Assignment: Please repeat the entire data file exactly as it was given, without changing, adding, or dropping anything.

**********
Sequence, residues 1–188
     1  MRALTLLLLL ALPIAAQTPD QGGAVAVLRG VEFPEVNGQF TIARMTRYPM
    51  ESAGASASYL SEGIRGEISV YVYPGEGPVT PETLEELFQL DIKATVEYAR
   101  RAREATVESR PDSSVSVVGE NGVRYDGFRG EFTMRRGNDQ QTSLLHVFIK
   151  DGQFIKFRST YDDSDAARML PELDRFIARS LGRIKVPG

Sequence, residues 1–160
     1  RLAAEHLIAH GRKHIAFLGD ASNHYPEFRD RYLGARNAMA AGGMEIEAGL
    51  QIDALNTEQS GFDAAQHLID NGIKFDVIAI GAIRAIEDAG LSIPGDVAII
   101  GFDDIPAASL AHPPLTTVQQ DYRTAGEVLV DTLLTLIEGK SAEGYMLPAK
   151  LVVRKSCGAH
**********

Sequence, residues 1–188
     1  MRALTLLLLL ALPIAAQTPD QGGAVAVLRG VEFPEVNGQF TIARMTRYPM
    51  ESAGASASYL SEGIRGEISV YVYPGEGPVT PETLEELFQL DIKATVEYAR
   101  RAREATVESR PDSSVSVVGE NGVRYDGFRG EFTMRRGNDQ QTSLLHVFIK
   151  DGQFIKFRST YDDSDAARML PELDRFIARS LGRIKVPG

Sequence, residues 1–160
     1  RLAAEHLIAH GRKHIAFLGD ASNHYPEFRD RYLGARNAMA AGGMEIEAGL
    51  QIDALNTEQS GFDAAQHLID NGIKFDVIAI GAIRAIEDAG LSIPGDVAII
   101  GFDDIPAASL AHPPLTTVQQ DYRTAGEVLV DTLLTLIEGK SAEGYMLPAK
   151  LVVRKSCGAH